James Spann says Alabama will have stormy start to work week
Published 9:22 am Monday, October 21, 2019
Weather forecaster James Spann says a stormy start to the work week is ahead for Alabama.
STRONG STORMS LATER TODAY: On the maps this morning, a deep surface low will move from the Great Plains up to the Great Lakes region by tonight, dragging a cold front into Alabama. Early-morning strong-to-severe storms are lined up from southeast Texas into southern Illinois.
The Storm Prediction Center has parts of west and south Alabama in a slight risk (level 2 out of 5) of severe storms today, with a marginal risk (level 1 of 5) for the rest of the state.
These storms will weaken and move into northwest Alabama later this morning. Odds of severe storms over north and central Alabama look very low during the afternoon as the air will be fairly stable; in fact, the first batch of storms should basically dissipate at some point over north Alabama. Storms will maintain their intensity over the southern part of the state, most likely. This is where instability values will be higher.
A new line of showers and storms will likely form over north and central Alabama tonight ahead of the cold front.
The main threat from thunderstorms across Alabama this afternoon and tonight will come from strong, gusty thunderstorm winds, although an isolated, brief tornado can’t be totally ruled out. The bottom line is that the severe weather threat for Alabama is very conditional and marginal, but, as always, we will watch thunderstorm development closely.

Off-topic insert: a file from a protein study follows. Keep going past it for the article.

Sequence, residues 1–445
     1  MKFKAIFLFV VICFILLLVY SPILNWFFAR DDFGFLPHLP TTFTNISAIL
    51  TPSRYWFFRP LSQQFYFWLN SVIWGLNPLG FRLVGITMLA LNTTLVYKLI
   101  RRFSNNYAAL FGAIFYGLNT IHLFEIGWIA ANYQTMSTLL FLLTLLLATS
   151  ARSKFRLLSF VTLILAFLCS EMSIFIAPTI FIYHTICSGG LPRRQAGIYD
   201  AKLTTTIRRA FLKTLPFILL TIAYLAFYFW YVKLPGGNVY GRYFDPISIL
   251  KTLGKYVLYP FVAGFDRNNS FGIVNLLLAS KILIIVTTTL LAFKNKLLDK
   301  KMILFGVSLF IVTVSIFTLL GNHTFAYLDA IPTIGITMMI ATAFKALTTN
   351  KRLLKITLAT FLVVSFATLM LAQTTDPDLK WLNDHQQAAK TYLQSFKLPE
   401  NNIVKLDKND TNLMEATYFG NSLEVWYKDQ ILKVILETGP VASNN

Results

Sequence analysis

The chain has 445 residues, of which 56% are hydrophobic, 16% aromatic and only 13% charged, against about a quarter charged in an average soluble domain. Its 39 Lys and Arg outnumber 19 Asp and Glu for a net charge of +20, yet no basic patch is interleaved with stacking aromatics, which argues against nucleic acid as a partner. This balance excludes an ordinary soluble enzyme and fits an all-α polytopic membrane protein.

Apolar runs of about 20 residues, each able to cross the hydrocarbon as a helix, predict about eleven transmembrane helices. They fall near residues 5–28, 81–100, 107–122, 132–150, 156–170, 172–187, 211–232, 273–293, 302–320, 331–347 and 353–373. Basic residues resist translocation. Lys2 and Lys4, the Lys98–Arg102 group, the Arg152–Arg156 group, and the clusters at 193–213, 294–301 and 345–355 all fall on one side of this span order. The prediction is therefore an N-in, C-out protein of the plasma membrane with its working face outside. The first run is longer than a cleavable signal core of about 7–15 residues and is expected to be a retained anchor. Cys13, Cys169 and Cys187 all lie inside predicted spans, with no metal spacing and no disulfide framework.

Rain amounts of one-quarter to three-quarters of an inch are expected for most places through late tonight.
MIDWEEK: Dry weather is the story Tuesday through Thursday with mostly sunny, pleasant days and clear, chilly nights; highs will be in the low 70s, with lows in the 40s.
FRIDAY AND THE WEEKEND: Model consistency on these three days is pretty much nonexistent, and the forecast is about as clear as mud. We will forecast a chance of rain late Thursday night and Friday statewide with a wave moving in from the west.
Then, the American global model (the GFS) basically shows a cool, dry weekend, while the European global model (the ECMWF) shows periods of rain throughout the weekend.
For now, we will lean toward the more reliable ECMWF and maintain a chance of rain at times on Saturday, and then trend toward a drier day Sunday. But this forecast can and probably will change as we get closer to the weekend.
NEXT WEEK: Confidence is low, but at this point it looks like Monday and Tuesday will be dry, followed by some risk of rain Wednesday or Thursday with an approaching cold front.
TROPICS: All is now quiet across the Atlantic basin, and tropical storm formation is not expected this week. The season ends Nov. 30.
ON THIS DATE IN 1934: A severe windstorm lashed the northern Pacific coast. In Washington, the storm claimed the lives of 22 people and caused $1.7 million damage, mostly to timber. Winds gusting to 87 mph at North Head, Washington, produced waves 20 feet high on the Puget Sound.